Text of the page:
|Abstract Title:||Industrial Emission Directive (IED) implementation updated with focus on calibration and instrumentation gases necessary to comply with the new regulatory requirements|
|Session Choice:||Emission regulation and future monitoring challenges|
|Presenter Name:||Dr Roberto Parola|
Abstract Information :
Despite the introduction of more and more stringent regulatory requirements in the European Union and in the rest of the World, the level of air pollution remains critical in many places, especially in the urban and industrial areas. The impacts of current legislations in different sectors (e.g. static emissions, transports, marine) has been significant, but there are still improvements expected, especially from the industrial sector.
The IED entered into force in November 2010 and covers some 50,000 installations across the European Union e.g. to produce chemicals, power, petrochemical products, cement, glass, car/metal and to treat/incinerate waste. Requirements under the IED are included in the Best Available Techniques Reference (BREF) documents, agreed within each specific industry sector. BREF documents define the Best Available Techniques (BAT) conclusions that are legally binding and they include also requirements in term of emissions monitoring. There are 32 BREF documents in total that should be revised under the IED by 2020, but currently only 14 BREF documents have been adopted.
As an example, the Large Combustion Plant (LCP) BREF will introduce in 2021 new emissions monitoring requirements – including emission limit values – e.g. for NH3, Hg, HCl, HF and TVOC as well as will tighten the existing requirements for SOx and NOx. The scope of the LCP BREF includes combustion installations with a total rated input exceeding 50 MW, gasification of coal or other fuels in installation with a thermal input ≥20MW (when this activity is directly associated to a combustion plant), waste co-incineration plants of hazardous and non-hazardous waste. The impact will be on more than 3,000 installations all over the EU, that would need to review effectiveness and compliance of their pollution reduction technology and emissions monitoring systems.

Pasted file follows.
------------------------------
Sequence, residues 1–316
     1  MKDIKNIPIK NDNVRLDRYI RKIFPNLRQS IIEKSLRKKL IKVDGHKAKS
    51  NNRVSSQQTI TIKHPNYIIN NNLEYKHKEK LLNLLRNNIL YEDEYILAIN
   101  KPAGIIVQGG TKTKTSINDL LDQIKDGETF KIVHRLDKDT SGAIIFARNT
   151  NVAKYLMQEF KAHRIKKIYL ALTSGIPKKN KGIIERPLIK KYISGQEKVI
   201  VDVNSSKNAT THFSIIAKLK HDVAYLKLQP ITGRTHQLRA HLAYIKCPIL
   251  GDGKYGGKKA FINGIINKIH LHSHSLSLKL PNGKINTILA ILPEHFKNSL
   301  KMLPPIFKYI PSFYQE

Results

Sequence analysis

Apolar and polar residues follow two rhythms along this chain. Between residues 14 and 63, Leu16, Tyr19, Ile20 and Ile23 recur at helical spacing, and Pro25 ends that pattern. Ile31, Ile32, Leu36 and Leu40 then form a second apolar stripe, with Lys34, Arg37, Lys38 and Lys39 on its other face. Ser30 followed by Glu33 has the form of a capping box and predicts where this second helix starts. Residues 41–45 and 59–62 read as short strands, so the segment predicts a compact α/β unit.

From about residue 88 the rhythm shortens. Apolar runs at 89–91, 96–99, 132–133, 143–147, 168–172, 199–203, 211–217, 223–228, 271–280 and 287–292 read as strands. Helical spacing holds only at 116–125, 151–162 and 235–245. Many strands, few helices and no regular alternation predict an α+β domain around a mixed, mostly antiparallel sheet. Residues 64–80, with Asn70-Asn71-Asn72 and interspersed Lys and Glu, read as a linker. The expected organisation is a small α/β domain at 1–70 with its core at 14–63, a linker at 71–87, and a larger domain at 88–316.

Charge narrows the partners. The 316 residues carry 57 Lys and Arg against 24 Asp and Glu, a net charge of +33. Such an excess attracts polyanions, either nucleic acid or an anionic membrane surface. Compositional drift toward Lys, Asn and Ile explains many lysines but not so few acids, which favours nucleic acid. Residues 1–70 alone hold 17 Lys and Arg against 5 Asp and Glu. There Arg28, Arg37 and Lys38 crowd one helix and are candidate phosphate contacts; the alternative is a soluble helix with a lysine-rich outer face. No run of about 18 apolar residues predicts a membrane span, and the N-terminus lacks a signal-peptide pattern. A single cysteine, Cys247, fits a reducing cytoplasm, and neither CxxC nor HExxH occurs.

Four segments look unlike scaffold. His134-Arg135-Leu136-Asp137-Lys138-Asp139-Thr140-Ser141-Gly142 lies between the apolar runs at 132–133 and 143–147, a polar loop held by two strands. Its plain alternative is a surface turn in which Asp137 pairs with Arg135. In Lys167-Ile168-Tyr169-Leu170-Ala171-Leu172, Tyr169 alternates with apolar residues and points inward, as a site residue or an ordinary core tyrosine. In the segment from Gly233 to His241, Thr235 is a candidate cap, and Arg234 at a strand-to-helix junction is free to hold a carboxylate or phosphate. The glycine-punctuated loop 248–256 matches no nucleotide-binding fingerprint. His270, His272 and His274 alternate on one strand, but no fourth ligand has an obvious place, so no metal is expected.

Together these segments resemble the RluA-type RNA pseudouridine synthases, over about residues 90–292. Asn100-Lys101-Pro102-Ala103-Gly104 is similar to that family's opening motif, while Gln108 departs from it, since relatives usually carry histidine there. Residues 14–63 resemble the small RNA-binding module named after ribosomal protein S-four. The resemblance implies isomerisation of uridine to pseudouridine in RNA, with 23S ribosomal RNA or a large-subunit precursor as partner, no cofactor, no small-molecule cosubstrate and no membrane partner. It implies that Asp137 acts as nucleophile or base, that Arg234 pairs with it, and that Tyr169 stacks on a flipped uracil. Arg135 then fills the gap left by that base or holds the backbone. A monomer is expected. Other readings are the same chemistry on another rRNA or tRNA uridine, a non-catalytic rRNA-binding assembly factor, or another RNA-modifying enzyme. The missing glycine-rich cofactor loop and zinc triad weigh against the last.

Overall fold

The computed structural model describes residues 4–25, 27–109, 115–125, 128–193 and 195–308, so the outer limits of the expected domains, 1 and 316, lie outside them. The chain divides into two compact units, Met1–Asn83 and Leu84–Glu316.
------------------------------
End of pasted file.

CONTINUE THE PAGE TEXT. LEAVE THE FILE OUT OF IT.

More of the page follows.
This paper will provide an overview of the current legislation framework, including some industry case studies and will look at the pure gases and gas mixtures, their packages and the gas supply systems, needed to ensure a reliable and accurate use of the emission measurement systems. This includes innovations in term of species to be monitored (e.g. HCl, HF, Hg), packages (e.g. use of VIPR in portable cylinders) and equipment (e.g. digital sensors). Moreover, aspects of technical compliance to applicable safety standards and metrological traceability requirements will also be covered.